Intel’s future is looking a bit grim. And the reality is the chip maker’s problems are only going to get more challenging. By Tae Kim.
The latest data from the world’s biggest chip maker hints that strong demand is beginning to look like industry stockpiling. That could be a massive problem.
Apple is likely to slash its projected iPhone 13 production targets for 2021 by as many as 10 million units as prolonged chip shortages hit its flagship product.
Investors ought to be clamouring over GlobalFoundries’ $1-billion initial public offering. Except the company is struggling to make money in a chip boom.
The Taiwanese semiconductor giant said it is actively supporting and working with all stakeholders to overcome a global semiconductor shortage.
Shares in both Naspers and its European spinoff Prosus tumbled on Tuesday, following Tencent’s sharp fall after a Chinese state media article described online videogames as “spiritual opium”.
Intel said its factories will start making Qualcomm chips as it laid out a road map on Monday to expand its new foundry business to catch rivals such as Taiwan’s TSMC and Samsung Electronics by 2025.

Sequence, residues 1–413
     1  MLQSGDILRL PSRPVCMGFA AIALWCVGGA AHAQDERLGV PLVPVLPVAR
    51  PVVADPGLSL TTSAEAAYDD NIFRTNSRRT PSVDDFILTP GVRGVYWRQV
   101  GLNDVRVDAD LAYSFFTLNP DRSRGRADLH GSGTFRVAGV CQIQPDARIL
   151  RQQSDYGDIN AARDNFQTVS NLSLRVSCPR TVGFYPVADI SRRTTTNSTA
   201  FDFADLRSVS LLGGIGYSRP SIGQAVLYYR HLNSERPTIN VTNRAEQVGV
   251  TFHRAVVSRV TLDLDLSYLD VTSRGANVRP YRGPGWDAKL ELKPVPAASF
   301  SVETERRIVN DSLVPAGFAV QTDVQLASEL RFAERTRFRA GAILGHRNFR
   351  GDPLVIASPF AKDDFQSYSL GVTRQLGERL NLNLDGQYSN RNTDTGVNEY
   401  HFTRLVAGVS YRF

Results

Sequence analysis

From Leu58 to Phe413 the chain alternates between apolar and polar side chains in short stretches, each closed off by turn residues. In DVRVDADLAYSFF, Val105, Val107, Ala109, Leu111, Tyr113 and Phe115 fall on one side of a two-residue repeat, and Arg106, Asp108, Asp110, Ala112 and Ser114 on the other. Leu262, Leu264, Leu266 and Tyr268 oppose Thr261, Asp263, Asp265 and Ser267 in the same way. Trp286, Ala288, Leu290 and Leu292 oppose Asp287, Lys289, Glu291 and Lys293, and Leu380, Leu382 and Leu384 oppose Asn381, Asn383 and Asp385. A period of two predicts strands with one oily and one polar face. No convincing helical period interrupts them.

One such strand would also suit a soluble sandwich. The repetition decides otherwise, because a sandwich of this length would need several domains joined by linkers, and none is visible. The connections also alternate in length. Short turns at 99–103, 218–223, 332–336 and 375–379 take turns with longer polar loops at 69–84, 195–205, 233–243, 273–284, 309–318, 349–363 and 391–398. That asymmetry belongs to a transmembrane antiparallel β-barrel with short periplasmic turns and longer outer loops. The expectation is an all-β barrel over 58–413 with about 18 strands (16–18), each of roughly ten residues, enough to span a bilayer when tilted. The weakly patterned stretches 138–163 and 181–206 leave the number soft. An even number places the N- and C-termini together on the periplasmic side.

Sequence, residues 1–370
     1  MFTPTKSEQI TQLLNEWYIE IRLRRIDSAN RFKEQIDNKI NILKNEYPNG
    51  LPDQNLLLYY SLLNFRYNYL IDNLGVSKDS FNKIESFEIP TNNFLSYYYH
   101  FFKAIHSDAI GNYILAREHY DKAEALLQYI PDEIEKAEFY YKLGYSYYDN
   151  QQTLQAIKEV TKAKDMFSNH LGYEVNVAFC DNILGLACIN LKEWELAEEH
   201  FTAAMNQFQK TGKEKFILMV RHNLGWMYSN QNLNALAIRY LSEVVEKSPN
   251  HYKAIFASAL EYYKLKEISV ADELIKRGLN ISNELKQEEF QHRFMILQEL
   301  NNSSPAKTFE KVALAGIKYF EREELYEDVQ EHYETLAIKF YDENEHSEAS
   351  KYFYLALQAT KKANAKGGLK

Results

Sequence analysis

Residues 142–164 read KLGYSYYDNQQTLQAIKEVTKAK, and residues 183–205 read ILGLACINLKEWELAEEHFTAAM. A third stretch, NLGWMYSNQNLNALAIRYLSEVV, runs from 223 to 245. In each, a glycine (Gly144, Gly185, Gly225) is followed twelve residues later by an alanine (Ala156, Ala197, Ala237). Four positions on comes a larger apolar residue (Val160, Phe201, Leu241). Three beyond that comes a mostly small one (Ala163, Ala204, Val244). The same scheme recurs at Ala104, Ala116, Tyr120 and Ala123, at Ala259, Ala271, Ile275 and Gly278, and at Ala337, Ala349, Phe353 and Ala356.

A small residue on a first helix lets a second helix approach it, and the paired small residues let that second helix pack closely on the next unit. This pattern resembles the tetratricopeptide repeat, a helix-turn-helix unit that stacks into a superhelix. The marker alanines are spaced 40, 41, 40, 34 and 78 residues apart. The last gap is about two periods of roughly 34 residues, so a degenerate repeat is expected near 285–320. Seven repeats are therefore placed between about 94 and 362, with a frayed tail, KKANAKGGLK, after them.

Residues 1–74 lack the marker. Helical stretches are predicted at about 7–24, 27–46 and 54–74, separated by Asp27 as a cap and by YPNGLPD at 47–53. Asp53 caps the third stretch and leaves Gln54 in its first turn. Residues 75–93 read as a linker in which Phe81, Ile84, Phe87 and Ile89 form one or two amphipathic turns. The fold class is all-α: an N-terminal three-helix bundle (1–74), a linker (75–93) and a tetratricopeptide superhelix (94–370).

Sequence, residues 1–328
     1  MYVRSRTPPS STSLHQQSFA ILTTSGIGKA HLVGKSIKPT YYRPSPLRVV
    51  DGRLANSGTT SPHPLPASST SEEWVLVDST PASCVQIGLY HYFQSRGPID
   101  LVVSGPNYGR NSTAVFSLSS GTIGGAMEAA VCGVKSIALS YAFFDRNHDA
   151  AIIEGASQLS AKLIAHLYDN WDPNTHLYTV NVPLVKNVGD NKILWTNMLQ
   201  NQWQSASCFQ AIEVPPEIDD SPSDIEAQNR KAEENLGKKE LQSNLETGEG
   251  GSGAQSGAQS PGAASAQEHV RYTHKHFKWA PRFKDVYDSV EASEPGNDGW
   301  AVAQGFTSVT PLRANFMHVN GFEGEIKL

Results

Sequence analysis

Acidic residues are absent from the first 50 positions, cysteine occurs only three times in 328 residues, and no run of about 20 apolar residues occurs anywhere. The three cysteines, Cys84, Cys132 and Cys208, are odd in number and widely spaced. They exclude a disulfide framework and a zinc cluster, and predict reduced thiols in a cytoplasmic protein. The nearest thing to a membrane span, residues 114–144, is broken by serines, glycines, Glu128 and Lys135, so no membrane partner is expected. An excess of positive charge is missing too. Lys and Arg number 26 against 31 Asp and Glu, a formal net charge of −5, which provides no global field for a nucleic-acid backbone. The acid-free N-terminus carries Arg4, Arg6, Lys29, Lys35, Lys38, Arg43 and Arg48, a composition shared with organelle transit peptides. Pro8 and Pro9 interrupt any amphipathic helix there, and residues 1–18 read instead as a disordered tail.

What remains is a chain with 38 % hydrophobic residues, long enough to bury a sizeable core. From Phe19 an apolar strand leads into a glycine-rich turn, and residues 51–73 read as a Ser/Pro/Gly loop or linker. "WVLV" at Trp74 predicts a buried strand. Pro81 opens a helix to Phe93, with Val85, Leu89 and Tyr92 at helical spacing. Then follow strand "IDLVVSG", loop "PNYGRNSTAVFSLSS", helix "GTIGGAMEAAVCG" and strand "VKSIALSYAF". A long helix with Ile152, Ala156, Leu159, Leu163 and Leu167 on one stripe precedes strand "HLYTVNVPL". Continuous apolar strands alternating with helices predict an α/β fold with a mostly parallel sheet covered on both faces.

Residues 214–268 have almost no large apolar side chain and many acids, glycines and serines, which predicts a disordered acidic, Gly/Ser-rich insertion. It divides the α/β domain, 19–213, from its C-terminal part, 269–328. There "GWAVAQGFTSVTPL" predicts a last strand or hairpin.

Chip makers from Taiwan to the US are cranking up production to address shortages that have hammered car manufacturers and other customers as they try to emerge from the coronavirus pandemic.
The world’s most important chip maker expects revenue to climb 20% this year. But the incredible cost of meeting outsize demand is starting to eat away at the bottom line.
Apple has asked suppliers to build as many as 90 million next-generation iPhones this year, a sharp increase from its 2020 iPhone shipments, according to people with knowledge of the matter.